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Waipā District Council disables Facebook comments showing ‘nasty’ abuse

The Waipā District Council has disabled comments on information-only posts on its Facebook page from this month.

The Waipā District Council has disabled comments on information-only posts on its Facebook page from this month.

The decision follows Nelson City Council’s announcement on April 25 that it was disabling commenting due to concerns about misplaced anger, unfair criticism of staff and misinformation.

Waipā District Council chief executive Garry Dyet said the council’s Facebook interactions were dominated by “a few individuals.

“We welcome healthy debate, but what we have seen in recent months is an uprising of disrespect towards staff and, most recently, among the community itself,” Dyet said.

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Dyet said it was “just not OK for staff to be subjected to name-calling and other nasty comments.”

“I am simply not prepared to provide platforms for staff, elected members and our contractors to be abused, ridiculed and discredited,” he said.

“I also don’t want good-hearted people who give us meaningful feedback to be viciously cut back.

“Right now, our limited resources are being sucked into pandering to a small group of people and our time could be much better spent delivering more positive things for our community.”

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Dyet said the council would continue to welcome respectful interactions with the community via phone, email or face-to-face.

The municipality would also still use its social channels to collect feedback “occasionally”.

Garry Dyet, Chairman of Waipa District Council.  Photo / Dean Taylor
Garry Dyet, chief executive of Waipa District Council. Photo / Dean Taylor

“We want respectful interactions with our community. That is exactly why we are here. However, time spent responding to keyboard agitators prevents staff from doing things that could really make a difference.”

Meanwhile, Hamilton City Council general manager of partnerships, communications, Janet Carson, and Maaori said the council had about 37,000 followers on Facebook and thousands of engagements on the platform each month, but most interactions with Hamiltonians were face-to-face.

“Whether it is people visiting our pools and libraries, the client team for services such as building permits and animal control, their conversations with City Safe, at community events or attending council meetings,” Carson told the Waikato Herald.

“Facebook is a relatively small part of how we connect with Hamiltonians and the majority of social media engagement is positive and constructive.”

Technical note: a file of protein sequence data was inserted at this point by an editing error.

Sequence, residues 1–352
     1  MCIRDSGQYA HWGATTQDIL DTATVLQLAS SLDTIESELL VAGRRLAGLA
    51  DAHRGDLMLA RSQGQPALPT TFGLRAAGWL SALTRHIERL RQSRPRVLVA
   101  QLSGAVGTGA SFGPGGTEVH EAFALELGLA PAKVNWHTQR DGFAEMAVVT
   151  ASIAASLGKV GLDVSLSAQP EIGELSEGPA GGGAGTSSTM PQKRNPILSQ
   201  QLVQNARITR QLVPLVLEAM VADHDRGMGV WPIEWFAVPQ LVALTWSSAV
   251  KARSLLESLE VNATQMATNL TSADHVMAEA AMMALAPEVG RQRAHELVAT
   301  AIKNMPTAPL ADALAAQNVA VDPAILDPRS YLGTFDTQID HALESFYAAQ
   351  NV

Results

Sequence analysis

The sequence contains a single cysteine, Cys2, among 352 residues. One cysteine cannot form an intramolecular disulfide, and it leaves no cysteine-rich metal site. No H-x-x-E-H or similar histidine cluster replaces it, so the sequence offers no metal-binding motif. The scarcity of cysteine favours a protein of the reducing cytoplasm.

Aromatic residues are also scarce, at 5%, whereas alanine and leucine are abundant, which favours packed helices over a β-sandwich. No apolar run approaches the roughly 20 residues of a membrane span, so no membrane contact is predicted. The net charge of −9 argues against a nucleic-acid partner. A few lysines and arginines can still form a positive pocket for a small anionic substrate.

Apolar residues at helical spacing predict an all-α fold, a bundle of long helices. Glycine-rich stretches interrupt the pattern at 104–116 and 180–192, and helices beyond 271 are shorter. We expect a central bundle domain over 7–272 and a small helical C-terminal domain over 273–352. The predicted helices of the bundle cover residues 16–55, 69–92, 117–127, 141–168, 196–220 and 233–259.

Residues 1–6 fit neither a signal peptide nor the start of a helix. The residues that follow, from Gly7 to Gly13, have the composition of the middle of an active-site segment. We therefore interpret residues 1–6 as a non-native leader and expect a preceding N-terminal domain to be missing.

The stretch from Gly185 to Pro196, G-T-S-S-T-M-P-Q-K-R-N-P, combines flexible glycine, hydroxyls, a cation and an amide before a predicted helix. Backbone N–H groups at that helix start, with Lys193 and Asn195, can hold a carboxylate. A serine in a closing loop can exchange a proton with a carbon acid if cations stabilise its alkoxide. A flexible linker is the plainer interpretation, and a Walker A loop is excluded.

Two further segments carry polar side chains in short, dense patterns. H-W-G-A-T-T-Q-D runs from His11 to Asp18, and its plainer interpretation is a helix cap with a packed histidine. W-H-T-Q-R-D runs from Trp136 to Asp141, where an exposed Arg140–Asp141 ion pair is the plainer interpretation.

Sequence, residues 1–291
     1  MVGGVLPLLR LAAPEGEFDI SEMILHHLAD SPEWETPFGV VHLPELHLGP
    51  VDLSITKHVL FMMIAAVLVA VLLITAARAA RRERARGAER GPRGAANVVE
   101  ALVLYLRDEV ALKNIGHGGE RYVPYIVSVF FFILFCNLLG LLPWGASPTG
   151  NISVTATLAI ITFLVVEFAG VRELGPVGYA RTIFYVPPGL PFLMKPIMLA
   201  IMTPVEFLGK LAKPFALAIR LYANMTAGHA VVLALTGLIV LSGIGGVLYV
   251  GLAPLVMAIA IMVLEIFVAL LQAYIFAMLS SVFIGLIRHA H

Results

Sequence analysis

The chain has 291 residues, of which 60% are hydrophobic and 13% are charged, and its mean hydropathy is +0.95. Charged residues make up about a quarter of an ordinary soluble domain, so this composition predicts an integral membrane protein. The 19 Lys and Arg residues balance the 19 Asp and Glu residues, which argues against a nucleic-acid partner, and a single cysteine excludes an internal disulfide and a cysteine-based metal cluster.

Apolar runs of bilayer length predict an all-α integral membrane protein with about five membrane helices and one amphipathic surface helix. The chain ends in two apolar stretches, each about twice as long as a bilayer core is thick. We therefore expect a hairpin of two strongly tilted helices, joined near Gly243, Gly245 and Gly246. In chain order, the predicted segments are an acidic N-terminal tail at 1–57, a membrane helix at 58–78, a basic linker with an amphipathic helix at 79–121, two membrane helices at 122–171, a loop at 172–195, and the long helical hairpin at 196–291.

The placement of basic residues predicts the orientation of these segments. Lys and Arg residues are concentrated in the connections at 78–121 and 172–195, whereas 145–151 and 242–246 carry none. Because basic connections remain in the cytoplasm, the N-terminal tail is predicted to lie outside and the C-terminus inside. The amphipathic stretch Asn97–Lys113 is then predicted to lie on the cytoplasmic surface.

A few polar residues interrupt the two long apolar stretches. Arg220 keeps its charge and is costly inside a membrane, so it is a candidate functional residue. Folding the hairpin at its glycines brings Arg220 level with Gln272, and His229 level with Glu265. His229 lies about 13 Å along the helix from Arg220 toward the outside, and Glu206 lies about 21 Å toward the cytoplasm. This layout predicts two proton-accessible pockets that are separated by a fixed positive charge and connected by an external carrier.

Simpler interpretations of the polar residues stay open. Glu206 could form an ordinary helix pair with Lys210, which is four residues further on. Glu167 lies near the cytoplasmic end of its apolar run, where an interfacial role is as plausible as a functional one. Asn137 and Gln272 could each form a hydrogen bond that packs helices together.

However, Carson said the council had seen an increase in offensive comments online, including people pushing agendas and false information via social media.

“Our social media policy is effective in dealing with this,” Carson said.

“Like many municipalities, we see that a number of people repeatedly make derogatory statements or unpleasant comments.

“Compared to the thousands who interact with us online, they are a small minority, and we can manage these few cases effectively through our existing terms and conditions.”

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General Manager of Partnerships, Communications for Hamilton City Council and Janet Carson of Maaori.
General Manager of Partnerships, Communications for Hamilton City Council and Janet Carson of Maaori.

Carson said the council has already limited comments on posts that sparked “significant abuse,” especially if the comments deliberately targeted a segment of the community.

“We also disable responses for periods when it is untenable for our people to monitor.”

Carson said Hamilton City Council saw no need at this stage to adopt a blanket ‘no-comment’ approach to their social media pages.

Waipā District Council’s decision came after a three-month review of Facebook data by Nelson City Council found about 25 per cent of comments on the pages came from 46 people. Radio New Zealand reported.

Nelson City Council communications manager James Murray said RNZ in April, those 46 people were “not a representative cross-section” of the city.

“The time council staff have to spend moderating comments about abuse and misinformation is not a good use of taxpayer money,” Murray said.

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Maryana Garcia is a Hamilton-based multimedia reporter covering breaking news in the Waikato. She previously wrote for the Rotorua Daily Post and Bay of Plenty Times.